Fast and Furious
North Carolina coach Roy Williams revved up Dean Smith's classic secondary break to create the college game's most relentless -- and riveting -- attack
Posted: Tuesday February 20, 2007 9:07AM; Updated: Tuesday February 20, 2007 9:07AM
It was a simple exchange, really, a moment that laid bare Roy Williams's vision to create the most lethal attacking weapon in college basketball. In the fall of 2002, not long after rejoining Williams's staff at Kansas, Steve Robinson stood next to his boss during a preseason practice and blanched at the scene before him, a chaotic blur of bodies in motion. The Jayhawks hadn't operated this way seven years earlier, when Robinson had left to coach Tulsa (and later Florida State). "I'm a little uncomfortable with how fast you're playing," Robinson told Williams, who cackled like a mad scientist. "Good," Williams replied. "Because I want to play even faster."
In today's game Ol' Roy's ongoing metamorphosis
is nothing less than revolutionary. Whether it's for reasons of ego or control or changing personnel, most Hall of Fame-worthy coaches have slowed down their attacks over the past two decades. Consider Pat Riley, who's gone from running the Showtime Lakers to the bump-and-grind Miami Heat, or Louisville's Rick Pitino, who almost never uses the full-court press he made famous at Kentucky. "Some guys are trying to go slower than they used to, but I'm always trying to go faster," says Williams. "Basketball is supposed to be a finesse game -- Dr. Naismith didn't want people to foul each other -- and I think speed is a part of finesse."
Structured chaos, Williams calls his brainchild, an ever-quickening version of his mentor Dean Smith's classic primary and secondary breaks. It sounds like an oxymoron until you see the uncanny way in which Williams's latest North Carolina team mixes the supposedly competing elements of breakneck speed and wise shot selection. With a month to go before the NCAA tournament, the Tar Heels (23-4 through Sunday) own the most fear-inducing offense in the land, not least because they're the country's fastest-paced major-conference team (averaging 75.1 possessions a game, according to kenpom.com) and ranked No. 4 nationally in offensive efficiency, scoring 1.17 points per possession. We've seen this deadly combination before, of course: In both categories the Runnin' Heels are neck and neck with Williams's 2005 national champs.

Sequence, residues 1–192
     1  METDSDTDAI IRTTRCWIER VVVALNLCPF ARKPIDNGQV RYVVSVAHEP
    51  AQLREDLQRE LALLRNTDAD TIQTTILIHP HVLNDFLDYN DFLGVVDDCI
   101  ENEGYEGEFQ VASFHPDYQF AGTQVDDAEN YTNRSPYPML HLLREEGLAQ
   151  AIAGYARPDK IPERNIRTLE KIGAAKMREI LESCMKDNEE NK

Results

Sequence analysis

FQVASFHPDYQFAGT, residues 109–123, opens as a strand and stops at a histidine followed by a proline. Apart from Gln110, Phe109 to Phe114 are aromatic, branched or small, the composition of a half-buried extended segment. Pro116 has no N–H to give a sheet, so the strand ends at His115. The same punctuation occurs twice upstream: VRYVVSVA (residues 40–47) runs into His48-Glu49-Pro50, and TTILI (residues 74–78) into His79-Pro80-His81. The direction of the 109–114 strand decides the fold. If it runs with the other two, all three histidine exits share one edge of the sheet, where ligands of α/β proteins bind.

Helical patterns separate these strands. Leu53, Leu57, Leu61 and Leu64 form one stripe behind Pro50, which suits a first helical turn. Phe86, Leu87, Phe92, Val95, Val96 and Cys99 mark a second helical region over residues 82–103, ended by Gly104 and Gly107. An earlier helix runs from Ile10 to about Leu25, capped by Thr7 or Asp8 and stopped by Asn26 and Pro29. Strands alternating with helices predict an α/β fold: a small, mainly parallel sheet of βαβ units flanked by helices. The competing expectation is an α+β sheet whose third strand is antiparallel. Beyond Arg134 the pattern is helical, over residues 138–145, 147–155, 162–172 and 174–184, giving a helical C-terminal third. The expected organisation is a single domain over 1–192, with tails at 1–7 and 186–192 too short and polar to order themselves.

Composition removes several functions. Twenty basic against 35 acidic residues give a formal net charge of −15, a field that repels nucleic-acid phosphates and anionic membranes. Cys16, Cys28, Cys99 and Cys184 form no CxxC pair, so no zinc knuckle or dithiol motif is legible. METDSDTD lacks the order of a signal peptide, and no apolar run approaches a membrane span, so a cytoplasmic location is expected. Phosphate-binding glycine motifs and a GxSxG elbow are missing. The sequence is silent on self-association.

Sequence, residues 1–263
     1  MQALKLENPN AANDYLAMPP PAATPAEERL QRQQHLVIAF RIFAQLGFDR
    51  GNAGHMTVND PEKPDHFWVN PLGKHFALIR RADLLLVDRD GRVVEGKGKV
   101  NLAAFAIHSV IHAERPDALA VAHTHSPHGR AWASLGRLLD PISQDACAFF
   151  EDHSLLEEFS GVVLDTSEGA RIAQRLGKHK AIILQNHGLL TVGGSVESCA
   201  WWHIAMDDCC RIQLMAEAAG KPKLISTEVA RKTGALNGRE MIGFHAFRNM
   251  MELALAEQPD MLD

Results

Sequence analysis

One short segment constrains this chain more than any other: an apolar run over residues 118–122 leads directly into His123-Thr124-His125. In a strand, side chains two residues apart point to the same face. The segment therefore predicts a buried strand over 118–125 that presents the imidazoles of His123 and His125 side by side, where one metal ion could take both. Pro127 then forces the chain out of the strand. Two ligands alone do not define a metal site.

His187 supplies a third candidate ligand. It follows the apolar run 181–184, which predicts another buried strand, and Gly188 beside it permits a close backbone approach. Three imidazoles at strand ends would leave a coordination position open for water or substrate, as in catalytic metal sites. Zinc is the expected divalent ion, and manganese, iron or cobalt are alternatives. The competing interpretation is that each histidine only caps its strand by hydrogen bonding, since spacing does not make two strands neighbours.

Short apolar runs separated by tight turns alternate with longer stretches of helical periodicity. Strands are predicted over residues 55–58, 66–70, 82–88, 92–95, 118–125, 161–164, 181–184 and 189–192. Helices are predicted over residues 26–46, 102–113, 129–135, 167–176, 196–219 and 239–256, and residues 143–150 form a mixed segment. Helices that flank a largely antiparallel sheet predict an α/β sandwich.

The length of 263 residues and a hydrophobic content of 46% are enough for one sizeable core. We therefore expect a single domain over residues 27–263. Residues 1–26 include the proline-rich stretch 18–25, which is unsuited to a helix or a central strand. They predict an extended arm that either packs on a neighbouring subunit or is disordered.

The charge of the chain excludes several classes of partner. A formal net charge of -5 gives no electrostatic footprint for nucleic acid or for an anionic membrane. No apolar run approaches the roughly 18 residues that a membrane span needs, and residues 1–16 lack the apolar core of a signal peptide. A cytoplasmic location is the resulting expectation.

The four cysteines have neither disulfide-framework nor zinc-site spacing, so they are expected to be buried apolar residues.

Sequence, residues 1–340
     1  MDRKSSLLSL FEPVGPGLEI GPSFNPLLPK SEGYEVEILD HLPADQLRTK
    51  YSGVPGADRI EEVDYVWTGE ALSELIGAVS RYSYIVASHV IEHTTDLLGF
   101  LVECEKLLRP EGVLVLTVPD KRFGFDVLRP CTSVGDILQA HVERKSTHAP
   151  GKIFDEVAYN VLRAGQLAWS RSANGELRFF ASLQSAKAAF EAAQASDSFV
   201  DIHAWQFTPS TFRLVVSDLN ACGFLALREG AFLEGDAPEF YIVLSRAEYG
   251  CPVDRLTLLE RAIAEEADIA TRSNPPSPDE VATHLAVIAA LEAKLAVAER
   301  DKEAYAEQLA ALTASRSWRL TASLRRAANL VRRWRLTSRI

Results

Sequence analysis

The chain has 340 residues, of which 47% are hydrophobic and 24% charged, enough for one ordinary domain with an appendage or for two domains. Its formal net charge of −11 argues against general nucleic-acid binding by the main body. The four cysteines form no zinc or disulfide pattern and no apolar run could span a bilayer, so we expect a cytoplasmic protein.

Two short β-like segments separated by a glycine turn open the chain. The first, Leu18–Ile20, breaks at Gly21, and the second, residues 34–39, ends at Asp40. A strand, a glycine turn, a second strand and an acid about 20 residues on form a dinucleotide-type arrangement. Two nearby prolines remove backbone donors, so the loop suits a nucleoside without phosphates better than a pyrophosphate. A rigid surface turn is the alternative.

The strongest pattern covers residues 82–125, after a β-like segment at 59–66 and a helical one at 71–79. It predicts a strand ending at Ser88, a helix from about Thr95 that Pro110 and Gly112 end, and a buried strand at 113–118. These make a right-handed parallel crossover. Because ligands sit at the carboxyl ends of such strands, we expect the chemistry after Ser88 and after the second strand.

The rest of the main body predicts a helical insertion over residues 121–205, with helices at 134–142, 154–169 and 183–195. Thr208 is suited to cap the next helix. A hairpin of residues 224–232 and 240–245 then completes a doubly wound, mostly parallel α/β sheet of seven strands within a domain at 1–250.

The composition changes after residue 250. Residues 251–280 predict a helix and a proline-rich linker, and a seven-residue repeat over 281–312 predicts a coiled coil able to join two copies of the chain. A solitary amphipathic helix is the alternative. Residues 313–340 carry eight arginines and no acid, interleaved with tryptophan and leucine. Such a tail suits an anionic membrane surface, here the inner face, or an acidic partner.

The Carolina break is more dangerous than ever because the Tar Heels have uncommon depth, rotating as many as 12 players, none of whom ever stops running. If UNC has a numerical edge and can score on a traditional fast break, a.k.a. the primary break, then that's the first option after a make or a miss by an opponent. If not, the Tar Heels will launch into their secondary break, a term that many hoops fans have heard but only a few understand. "The secondary break is the phase between the primary break and a set offense," Williams explains. "It gives us a chance to keep attacking so that defenders have to pick up people they're not supposed to be guarding. They're backpedaling and trying to protect the goal, and now we're moving it around and setting screens before the defense can really get set."
Sports Illustrated senior writer Grant Wahl covers college basketball for the magazine and SI.com.
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